Being Singaporean and Persistence

讲华语运动. Singa the Lion. 雾锁南洋.

Whether or not the terms above look strange and foreign to you, is a clear giveway as to the decade you’re from. That’s the thing about being Singaporean. Tourism Board slogans aside, it’s just something so uniquely us.

We could travel halfway round the globe, and the accent remains unmistakable and detectable as long as it’s within earshot. Aside from those who practice what my more learned friends describe as diglossia, most of us just speak Singlish.

A couple of decades back – don’t judge me for my (old) age please, I spent a few weeks in Cuba, partly out of curiosity, but mostly because London weather was just plain depressing and I badly needed to do some diving.

Havana was like a city stuck in time – it wasn’t as raunchy then like in Fast & Furious – but what struck me most, was actually seeing a Chinese population there. I’ll spare you the history lesson, but suffice to say, I got detained at Cuban immigration based on my ethnic origin while trying to make my way back to London.

It didn’t help of course, that I had a really dark tan by then and that I spoke a strange sounding English (Singlish). In defence, I did try my best version of the Queen’s English then, but I doubt it helped much, because no one in Cuban immigration had even heard of Singapore. And while there was an amicable ending to my short-lived Cuban adventure, there was a less than romantic ending for one of our dates recently.

The combination (as usual) was great on most aspects – Tom was a tall, good looking guy who studied overseas, articulate but down to earth and struggling to get his career of the ground while Tricia was a petite pretty girl who studied here and was a new citizen with a good job in finance. Both young, restless and looking for romance!

The date crashed and burned and my staff got roasted in the aftermath.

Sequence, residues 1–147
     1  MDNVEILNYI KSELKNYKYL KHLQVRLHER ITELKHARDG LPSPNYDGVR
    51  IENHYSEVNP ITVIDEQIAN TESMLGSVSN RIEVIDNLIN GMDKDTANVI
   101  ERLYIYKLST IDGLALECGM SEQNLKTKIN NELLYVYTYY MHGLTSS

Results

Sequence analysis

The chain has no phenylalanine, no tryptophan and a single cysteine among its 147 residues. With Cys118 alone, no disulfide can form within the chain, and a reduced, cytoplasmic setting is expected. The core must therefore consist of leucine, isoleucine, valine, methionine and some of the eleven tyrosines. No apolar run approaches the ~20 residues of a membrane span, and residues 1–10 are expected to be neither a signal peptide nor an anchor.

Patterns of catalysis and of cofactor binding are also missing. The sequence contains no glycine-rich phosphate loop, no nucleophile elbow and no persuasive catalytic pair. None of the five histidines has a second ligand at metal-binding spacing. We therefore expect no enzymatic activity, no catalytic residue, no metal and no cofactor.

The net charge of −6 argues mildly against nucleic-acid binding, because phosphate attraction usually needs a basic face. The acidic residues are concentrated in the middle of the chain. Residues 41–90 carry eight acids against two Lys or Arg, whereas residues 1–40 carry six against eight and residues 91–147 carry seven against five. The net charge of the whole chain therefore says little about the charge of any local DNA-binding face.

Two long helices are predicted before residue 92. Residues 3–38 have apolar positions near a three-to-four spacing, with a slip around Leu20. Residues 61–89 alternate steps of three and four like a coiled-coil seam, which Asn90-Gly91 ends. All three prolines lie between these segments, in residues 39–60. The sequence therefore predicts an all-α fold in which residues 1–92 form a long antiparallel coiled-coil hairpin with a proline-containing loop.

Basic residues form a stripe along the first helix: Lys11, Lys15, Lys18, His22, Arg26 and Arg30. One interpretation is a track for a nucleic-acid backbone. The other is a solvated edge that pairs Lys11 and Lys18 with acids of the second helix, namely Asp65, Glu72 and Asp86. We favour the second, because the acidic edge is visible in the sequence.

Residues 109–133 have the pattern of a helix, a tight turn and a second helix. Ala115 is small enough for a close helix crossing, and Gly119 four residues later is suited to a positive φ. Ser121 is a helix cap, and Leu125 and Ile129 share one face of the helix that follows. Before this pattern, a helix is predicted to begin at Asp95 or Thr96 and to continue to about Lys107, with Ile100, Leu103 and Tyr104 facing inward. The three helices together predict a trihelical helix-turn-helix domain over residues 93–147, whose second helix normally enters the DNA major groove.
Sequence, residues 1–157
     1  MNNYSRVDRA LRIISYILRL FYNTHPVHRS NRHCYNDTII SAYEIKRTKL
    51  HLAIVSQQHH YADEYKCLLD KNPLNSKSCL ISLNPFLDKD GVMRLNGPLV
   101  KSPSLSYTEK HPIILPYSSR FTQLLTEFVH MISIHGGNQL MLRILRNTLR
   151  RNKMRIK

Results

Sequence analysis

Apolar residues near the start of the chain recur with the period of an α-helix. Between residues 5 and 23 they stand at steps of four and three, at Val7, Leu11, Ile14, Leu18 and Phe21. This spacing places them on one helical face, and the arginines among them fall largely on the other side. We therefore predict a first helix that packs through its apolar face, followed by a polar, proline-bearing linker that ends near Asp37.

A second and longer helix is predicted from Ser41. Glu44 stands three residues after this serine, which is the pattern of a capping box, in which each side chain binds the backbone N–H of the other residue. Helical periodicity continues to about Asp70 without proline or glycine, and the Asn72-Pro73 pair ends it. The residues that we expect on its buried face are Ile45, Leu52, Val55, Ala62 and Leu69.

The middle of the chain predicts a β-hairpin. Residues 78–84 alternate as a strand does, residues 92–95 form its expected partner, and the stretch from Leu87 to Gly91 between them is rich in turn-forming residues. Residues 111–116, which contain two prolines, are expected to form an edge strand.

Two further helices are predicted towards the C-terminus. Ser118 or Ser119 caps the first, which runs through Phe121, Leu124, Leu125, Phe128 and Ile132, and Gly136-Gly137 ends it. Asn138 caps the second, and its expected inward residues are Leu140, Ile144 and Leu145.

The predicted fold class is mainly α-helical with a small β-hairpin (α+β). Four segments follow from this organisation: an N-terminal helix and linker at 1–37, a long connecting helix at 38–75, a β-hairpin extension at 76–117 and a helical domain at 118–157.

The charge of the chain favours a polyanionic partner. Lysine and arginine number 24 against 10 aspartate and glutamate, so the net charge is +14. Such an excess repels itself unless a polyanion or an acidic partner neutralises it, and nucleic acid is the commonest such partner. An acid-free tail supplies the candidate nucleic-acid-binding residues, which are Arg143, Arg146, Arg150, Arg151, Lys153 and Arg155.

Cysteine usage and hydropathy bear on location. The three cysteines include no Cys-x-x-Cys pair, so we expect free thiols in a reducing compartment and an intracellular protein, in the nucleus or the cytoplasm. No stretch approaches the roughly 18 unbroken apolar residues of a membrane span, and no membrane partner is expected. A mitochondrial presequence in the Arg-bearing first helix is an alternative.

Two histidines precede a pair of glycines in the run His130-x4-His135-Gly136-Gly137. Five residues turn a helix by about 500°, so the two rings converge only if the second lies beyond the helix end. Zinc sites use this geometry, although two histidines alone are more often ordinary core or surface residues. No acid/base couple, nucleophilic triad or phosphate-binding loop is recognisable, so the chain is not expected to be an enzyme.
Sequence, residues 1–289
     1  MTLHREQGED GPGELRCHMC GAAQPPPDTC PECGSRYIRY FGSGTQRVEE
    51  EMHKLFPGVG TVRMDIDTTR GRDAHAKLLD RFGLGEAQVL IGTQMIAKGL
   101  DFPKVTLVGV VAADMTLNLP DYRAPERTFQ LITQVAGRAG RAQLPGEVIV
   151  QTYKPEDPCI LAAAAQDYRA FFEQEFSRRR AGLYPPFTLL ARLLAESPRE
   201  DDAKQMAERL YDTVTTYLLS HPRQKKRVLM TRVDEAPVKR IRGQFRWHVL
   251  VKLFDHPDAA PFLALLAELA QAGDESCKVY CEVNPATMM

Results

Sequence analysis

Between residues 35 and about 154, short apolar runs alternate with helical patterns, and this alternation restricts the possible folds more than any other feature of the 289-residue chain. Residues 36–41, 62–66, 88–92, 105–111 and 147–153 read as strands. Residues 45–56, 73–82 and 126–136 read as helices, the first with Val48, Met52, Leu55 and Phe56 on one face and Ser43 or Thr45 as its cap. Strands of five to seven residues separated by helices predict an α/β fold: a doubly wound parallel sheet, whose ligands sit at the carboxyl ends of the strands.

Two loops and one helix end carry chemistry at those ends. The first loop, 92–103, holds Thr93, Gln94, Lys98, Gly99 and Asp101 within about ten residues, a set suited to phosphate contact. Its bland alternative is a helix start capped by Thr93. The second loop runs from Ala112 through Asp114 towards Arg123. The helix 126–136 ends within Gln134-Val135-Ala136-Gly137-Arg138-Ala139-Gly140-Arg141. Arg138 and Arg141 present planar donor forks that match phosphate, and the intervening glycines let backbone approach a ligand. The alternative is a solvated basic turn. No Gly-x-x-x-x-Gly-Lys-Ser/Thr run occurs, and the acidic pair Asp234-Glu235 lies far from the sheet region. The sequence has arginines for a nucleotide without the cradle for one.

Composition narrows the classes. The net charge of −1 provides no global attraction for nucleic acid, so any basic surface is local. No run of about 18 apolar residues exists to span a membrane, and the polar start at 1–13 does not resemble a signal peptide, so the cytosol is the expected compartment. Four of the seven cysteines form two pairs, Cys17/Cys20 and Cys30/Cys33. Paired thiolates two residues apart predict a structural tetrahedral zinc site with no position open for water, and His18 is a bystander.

What went wrong? Assumptions. My assumptions evidently.

(Photo Credits: Lianhe Zaobao)

Putting aside any notion of ethnic pride, most people beyond our shores truly believe that you should be able to speak your mother tongue. So if you’re Chinese in ethnic origin, one would expect that you’d be able to speak some semblance of Mandarin or even a dialect (Hokkien expletives don’t count). Tricia believed this. And who could blame her? After all, where else in the world will you find a government driven 讲华语运动?

On the other hand, given that English is the official language used on our tiny island in almost everything from school textbooks to documents and even road signs, most locals believe that any citizen, should be able to speak English or at least Singlish. Unless of course, you’re really from the 雾锁南洋 generation – not the people who watched it, but our forefathers in the cargo hold down below. Tom, who was born and bred here, falls into this category of believers.

So whose fault was it when a date between two citizens of the same ethnic origin crashed and burned due to nothing other than a language issue? Mine of course. And I really should have known, given my extensive knowledge of local history (一种米养百种人) and deep seated angst from my Cuban detention. One of the little details we took for granted sadly, really sorry about that. We will strive to do better!

Persistence. One of our other dates recently went okay – there were no sparks, but the conversation between the two continued for a few days. A few days.

We’ve been through this topic a few times in our previous sharings – Traffic Lights and Letting Go. It’s a good thing if there were no red lights during the date. In which case, sometimes if you’re not sure about the next date, it’s good to just ask.

In this case, Tom and Tricia’s (to avoid Facebook trawling and social media investigation we’re using the same names as above) date went smoothly. There were no obvious sparks during the date on the surface, but Tom was deeply attracted to her.

The texting conversation went on for a few days after the date, but eventually trailed off into silence. Turns out, Tom felt he was too old to be chasing girls and things should flow naturally. I respect that, not happily given the implications of my own age, but because we too believe that you can’t really force romance.

But in this case, asking a girl whom you are attracted to out for a second date is not “chasing”. Her rejecting you 10 times and you asking for the 11th time would be.

We don’t advocate stalking or grand gestures unless the timing and atmosphere calls for it. But to leave a second date to chance on the pretext of “not chasing” or because you’re not sure if the light is turning amber within a week is a bit premature maybe?

Our Advice?

Just ask, warmly, and be specific on date and time. If a mutually convenient time cannot be found after a few iterations and you’re the only one suggesting timings, then the light really looks like it’s turning amber. To ask just once or not ask at all, is like a car stuck at a green light, waiting to be horned at!